Asia-Pacific Economic Integration and the New US Administration:
Risks and Opportunities for Europe
For the past half century, trade has made substantial contributions to development in many economies, making a vibrant trading system a global priority. Yet world trade growth is now decelerating, while the complex challenges of today’s trading environment and divergences across World Trade Organisation (WTO) members have stymied progress on further liberalization at the WTO. In this vacuum, ambitious mega-regional trade agreements (MRTAs) are now emerging as a possible answer to the global stalemate, with the Asia-Pacific region serving as their main incubator but with the EU-US Transatlantic Trade and Investment Partnership (TTIP) as another example of this trend.
Then came the election of Donald Trump as President of the United States. The Trump Administration has been openly skeptical of the benefits of the global trading system; for example, one of the first acts of the Administration was to formally withdraw for the Trans-Pacific Partnership (TPP) agreement, a US-led agreement that was six years in the making and which was by far the most advanced agreement in the Asia-Pacific region. It has also expressed its intent to renegotiate the North American Free-Trade Agreement (NAFTA), levy new tariffs on countries with which the United States has a trade deficit, and perhaps to walk away from the World Trade Organization. The fate of the TTIP is uncertain but negotiations are unlikely to proceed in the near-term.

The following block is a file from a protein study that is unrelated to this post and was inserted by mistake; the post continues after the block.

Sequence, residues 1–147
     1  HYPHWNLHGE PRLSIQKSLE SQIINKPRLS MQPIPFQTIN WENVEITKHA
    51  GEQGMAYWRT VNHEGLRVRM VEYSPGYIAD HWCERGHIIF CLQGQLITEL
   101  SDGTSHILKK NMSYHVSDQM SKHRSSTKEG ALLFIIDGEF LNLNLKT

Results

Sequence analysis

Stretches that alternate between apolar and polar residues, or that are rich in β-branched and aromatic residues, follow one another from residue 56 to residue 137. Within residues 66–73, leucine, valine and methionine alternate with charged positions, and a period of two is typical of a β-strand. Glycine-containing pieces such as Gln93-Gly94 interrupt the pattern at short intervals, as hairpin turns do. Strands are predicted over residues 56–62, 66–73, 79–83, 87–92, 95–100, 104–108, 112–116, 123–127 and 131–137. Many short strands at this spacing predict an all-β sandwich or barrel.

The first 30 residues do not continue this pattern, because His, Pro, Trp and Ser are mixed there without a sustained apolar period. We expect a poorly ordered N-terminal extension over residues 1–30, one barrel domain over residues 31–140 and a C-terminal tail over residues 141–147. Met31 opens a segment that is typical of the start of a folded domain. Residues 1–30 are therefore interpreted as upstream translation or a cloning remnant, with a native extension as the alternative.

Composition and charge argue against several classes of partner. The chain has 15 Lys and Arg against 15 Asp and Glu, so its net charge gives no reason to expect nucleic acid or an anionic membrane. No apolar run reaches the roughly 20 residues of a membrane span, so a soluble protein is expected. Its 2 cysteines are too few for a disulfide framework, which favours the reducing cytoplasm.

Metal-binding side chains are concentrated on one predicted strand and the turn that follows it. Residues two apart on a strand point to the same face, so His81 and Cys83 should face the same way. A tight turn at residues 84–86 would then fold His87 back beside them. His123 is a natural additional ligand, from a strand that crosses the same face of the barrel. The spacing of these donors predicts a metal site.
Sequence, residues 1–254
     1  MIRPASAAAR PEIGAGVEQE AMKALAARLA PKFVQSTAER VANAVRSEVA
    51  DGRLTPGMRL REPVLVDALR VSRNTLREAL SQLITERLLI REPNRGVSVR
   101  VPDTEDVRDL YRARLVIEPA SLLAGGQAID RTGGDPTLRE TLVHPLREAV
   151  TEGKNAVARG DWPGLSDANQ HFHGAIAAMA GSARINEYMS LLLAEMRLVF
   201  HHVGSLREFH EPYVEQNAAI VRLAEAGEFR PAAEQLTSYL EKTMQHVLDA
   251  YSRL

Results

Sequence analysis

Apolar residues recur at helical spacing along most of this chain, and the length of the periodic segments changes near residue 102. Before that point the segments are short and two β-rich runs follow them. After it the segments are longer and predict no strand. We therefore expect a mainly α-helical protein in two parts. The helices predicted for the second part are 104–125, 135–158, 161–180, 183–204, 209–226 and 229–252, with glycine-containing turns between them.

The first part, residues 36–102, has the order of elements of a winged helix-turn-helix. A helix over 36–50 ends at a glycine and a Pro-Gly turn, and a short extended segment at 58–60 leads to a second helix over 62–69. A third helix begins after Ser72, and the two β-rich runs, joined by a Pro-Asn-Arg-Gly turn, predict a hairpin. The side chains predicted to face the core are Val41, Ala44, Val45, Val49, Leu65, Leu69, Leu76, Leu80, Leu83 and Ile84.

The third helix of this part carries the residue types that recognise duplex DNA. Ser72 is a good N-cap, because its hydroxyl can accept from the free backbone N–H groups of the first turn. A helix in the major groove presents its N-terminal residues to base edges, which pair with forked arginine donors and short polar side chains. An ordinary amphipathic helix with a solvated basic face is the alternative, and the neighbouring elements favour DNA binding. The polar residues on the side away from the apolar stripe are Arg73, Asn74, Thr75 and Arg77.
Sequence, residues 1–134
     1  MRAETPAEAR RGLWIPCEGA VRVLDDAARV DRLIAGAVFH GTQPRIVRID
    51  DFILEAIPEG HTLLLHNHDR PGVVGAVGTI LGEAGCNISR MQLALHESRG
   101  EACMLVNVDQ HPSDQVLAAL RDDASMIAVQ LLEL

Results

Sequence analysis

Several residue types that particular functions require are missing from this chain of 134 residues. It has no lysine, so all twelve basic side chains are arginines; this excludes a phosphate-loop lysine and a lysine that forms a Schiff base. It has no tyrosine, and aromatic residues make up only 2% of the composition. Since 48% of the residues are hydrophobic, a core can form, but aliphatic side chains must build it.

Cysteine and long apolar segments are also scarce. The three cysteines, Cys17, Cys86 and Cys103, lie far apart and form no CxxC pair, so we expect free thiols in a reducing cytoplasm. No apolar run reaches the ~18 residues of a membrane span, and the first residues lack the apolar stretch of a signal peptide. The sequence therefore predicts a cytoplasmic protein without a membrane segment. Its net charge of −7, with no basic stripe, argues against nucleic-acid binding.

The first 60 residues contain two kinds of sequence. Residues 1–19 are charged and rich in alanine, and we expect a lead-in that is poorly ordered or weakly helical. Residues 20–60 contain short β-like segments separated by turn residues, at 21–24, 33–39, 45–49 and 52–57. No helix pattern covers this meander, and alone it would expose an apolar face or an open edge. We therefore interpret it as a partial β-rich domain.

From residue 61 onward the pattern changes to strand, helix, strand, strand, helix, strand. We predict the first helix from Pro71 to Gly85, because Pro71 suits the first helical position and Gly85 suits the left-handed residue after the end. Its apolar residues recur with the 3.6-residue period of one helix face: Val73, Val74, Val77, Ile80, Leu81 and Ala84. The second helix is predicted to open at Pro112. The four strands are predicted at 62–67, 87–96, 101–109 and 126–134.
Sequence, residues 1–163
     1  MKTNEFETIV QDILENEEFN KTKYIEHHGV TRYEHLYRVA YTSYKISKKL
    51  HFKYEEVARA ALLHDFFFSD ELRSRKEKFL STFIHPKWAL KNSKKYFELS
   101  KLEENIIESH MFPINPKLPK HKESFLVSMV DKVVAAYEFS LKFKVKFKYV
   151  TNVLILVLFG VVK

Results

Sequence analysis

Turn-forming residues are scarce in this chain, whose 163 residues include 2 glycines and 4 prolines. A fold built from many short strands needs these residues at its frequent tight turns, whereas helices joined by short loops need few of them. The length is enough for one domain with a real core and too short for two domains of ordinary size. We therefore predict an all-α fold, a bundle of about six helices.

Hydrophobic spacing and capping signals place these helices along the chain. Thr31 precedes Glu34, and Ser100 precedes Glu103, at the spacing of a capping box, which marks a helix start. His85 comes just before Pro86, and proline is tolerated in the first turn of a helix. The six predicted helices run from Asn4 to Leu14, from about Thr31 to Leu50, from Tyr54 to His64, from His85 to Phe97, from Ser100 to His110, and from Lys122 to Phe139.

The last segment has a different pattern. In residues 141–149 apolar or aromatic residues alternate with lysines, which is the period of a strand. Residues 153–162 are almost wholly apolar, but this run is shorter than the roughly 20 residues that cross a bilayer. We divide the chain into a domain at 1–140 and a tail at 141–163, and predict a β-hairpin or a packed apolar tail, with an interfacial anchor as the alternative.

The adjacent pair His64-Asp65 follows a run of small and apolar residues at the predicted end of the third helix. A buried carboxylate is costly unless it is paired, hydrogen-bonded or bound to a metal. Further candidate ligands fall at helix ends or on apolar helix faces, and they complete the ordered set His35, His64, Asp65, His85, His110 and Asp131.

The proposed MRTAs and the new directions of the US Administration are bound to have significant implications for Europe and the future of the global trading system. It is the goal of this presentation to gauge what these implications might be and how Europe can respond to new challenges.